Macy’s Inc. will invest more in e-commerce even before more bricks-and-mortar projects, CEO Terry Lundgren said in the company’s Q1 earnings call. Macy’s Q1 web sales rose 16% while total revenue and comparable-store sales fell 9.4% and 9%, respectively.
As the web continues to generate growth while comparable-store sales stagnate, Macy’s Inc. will invest more in its e-commerce channel before it looks to invest in bricks-and-mortar projects, CEO Terry Lundgren told Wall Street analysts on the company’s first quarter earnings call.
“Over time the new store sites and new mall construction sites are going to take longer to become a reality,” Lundgren said. “I have been very proud of our investment in technology, in our systems, which have been particularly focused in the last two years on merchandising and marketing initiatives, technology initiatives, and our investment in the dot-com infrastructure.”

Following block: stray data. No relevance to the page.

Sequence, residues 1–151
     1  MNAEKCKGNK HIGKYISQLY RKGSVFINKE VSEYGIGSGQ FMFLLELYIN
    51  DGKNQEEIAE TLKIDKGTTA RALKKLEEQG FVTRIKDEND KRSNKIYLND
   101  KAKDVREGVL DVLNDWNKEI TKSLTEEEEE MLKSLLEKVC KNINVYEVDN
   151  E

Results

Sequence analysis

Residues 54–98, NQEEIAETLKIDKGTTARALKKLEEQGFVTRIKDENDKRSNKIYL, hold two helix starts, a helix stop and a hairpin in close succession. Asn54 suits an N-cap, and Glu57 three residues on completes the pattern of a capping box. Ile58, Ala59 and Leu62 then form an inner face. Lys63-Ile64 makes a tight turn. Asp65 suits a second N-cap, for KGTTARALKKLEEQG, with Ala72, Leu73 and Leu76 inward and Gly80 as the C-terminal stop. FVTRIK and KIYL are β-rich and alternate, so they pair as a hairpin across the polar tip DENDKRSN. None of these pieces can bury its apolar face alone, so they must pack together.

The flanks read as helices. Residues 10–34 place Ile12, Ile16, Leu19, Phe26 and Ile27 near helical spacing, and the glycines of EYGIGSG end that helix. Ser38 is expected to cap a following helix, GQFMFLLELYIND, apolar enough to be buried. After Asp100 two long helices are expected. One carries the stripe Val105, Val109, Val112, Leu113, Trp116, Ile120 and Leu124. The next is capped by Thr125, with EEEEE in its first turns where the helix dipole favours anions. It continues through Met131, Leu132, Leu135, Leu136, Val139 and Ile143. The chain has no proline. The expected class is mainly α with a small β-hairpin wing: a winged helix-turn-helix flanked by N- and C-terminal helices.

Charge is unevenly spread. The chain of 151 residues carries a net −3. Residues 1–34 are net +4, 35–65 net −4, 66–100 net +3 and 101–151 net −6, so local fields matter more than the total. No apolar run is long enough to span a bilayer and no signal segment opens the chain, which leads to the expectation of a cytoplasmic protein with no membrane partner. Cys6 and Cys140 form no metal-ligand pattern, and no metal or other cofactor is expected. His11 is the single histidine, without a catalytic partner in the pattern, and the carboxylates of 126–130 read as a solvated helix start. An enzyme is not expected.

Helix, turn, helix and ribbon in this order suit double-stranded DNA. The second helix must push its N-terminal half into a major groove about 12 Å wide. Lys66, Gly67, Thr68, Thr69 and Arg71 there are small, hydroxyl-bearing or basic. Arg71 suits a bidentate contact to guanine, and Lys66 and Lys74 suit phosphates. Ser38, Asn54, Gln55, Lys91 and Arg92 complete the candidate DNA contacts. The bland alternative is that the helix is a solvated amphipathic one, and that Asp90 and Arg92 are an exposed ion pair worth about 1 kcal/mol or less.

Macy’s, No. 23 in the Internet Retailer Top 500 Guide, doesn’t break out specific quarterly web sales. But the web in the first quarter ended May 2 grew by 16.2% while total sales declined year over year by 9.4% to $5.20 billion from $5.74 billion and comparable-store sales decreased 9%. Macy’s net loss also widened by 49.1% to $88 million in Q1 2009 from $59 million in the prior year.
“A bright spot in our business is the Internet,” Lundgren told analysts. “We remain very excited by the possibilities for our direct-to-customer strategy and how it is becoming increasingly integrated with our stores.”
In the past several years, Macy’s has invested heavily in its e-commerce channel and its direct-to-consumer fulfillment capability. In 2007 Macy’s invested $100 million to upgrade e-commerce, order management and warehouse management. The company also opened another web fulfillment center in Arizona. “The fulfillment facilities over the last two years, the technology attached to those facilities and the web site itself have been an important investment and will continue to be,” Lundgren said.